It is pitch black. Slowly a dark reddish glow lights the stage. A slim woman dressed in tight black shorts and a loose tank top walks out and, chest forward, dives to the floor, landing on her hands. She lies on her side, knees bent, and slowly rolls onto her back. She raises an arm, her fist clenched, and curls into a fetal pose on her knees. As she quickly rises, looks up and reaches out … it is as if she were being born. Or perhaps it is the memory of her birth.
That is what dancer Lydia Zimmer says is the basis of “Memoriae,” a structured improvisation that played at Live Arts Los Angeles in November as part of the “Transient Truths, a collaborative dance show” — memory within the human body. “I tap into my personal past … memories to produce feelings on stage and express them through movements,” Zimmer said of how she dances, with each performance producing new movements.
“Memoriae,” performed to the ambient electronic musical work “Während,” by German composer Marsen Jules, is mesmerizing and may evoke ethereal, personal memories for those who watch Zimmer dance. The Nova Scotia native will perform the piece at the seventh incarnation of Celebrate Dance, which brings local companies together for one night of eclectic performances that range from modern to classical, at the Alex Theatre in Glendale on March 3.
It was at the Live Arts show that Celebrate Dance founder and producer Jamie Nichols said she first saw Zimmer — a magna cum laude fine arts graduate of the Boston Conservatory Dance Division — perform.
“I made an on-the-spot decision and added her to the lineup,” Nichols said. “I usually don't do that, [but I was] that compelled by how amazing this young person was.”
Nichols, who produces the entire show — marketing, press, fundraising — on her own, usually scouts a year in advance to add new talent to Celebrate Dance, which has sold out the past four of its six years. Nichols has received the Lester Horton Dance Award for Outstanding Achievement for Production of a Festival three years in a row for his production of the event.
Several companies performing in this year's show have also been recognized, including the Los Angeles-based Hysterica Dance Company, which was Horton-nominated three times for Best Performance by a Dance Company.
The modern dance troupe, founded by Artistic Director Kitty McNamee, will perform a piece that McNamee said will contain “broad sweeps of movement, like the sea, with long stretches with a group of dancers.” McNamee, a prolific choreographer for television, music videos and stage (recently including “La Traviata” for Los Angeles Opera), worked closely on the piece with composer Bruno Louchouarn, who created an original score.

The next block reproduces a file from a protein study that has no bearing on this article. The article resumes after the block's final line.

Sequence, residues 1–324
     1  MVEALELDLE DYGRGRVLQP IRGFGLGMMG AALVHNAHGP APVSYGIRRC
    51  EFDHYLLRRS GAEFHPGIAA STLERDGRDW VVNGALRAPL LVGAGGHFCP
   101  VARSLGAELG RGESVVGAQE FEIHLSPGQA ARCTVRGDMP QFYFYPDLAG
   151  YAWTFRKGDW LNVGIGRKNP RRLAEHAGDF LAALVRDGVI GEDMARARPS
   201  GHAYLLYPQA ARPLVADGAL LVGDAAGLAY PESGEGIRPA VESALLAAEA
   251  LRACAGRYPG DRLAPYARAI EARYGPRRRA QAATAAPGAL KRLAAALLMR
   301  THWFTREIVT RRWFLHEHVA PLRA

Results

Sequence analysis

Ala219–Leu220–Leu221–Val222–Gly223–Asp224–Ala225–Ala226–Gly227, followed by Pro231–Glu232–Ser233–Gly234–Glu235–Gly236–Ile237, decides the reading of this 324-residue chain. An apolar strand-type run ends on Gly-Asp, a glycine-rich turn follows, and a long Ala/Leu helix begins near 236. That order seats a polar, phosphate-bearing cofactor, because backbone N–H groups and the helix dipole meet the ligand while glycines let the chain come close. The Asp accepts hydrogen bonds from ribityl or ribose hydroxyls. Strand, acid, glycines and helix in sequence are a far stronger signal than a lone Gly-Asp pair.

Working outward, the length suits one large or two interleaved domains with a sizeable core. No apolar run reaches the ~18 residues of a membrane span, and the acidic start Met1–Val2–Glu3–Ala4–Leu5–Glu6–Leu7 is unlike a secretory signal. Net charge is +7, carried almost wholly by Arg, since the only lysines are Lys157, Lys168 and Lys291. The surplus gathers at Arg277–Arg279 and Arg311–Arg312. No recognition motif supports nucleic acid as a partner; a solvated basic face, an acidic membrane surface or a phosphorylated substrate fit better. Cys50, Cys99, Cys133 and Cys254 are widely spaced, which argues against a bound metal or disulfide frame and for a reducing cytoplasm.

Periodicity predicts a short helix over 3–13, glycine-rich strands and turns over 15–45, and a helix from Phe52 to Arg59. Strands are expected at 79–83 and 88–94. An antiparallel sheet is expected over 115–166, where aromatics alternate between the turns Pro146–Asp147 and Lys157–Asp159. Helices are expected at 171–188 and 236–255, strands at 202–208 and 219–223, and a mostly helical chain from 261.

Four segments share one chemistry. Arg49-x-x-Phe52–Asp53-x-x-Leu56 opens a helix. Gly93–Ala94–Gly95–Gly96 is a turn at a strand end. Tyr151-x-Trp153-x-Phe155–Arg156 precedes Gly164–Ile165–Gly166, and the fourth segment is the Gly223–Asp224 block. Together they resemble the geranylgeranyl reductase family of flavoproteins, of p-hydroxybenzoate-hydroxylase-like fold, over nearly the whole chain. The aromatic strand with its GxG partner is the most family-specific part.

One sentiment echoed by Zimmer and McNamee is how grateful they are — as a solo artist and a local dance company — to perform in such a space as the Alex Theatre, a registered historic landmark with more than 1,400 seats, as well as to present their works with other esteemed local companies and choreographers.
“It is so hard to present our work in an elegant way with other companies that you admire,” McNamee said. “It is a pretty cool opportunity. We each develop our voices separately, and it's a great opportunity to have them presented together.”
One of Nichols' main goals in founding Celebrate Dance was to give artists a large, professional space to show their work.
“I know what it's like to struggle to get into a venue like the Alex,” Nichols said, adding that many venues don't have dressing rooms, a green room, water backstage, or a stage with wings.
Nichols takes care of all the details, from making sure performers have their names on their dressing room doors to recording the performance for the companies.
“All they have to do is rehearse and perform … it's my gift to them.”
What: “Celebrate Dance"
When: 8 p.m. March 3
Where: Alex Theatre, N. Brand Blvd., Glendale
Tickets: $16 to $36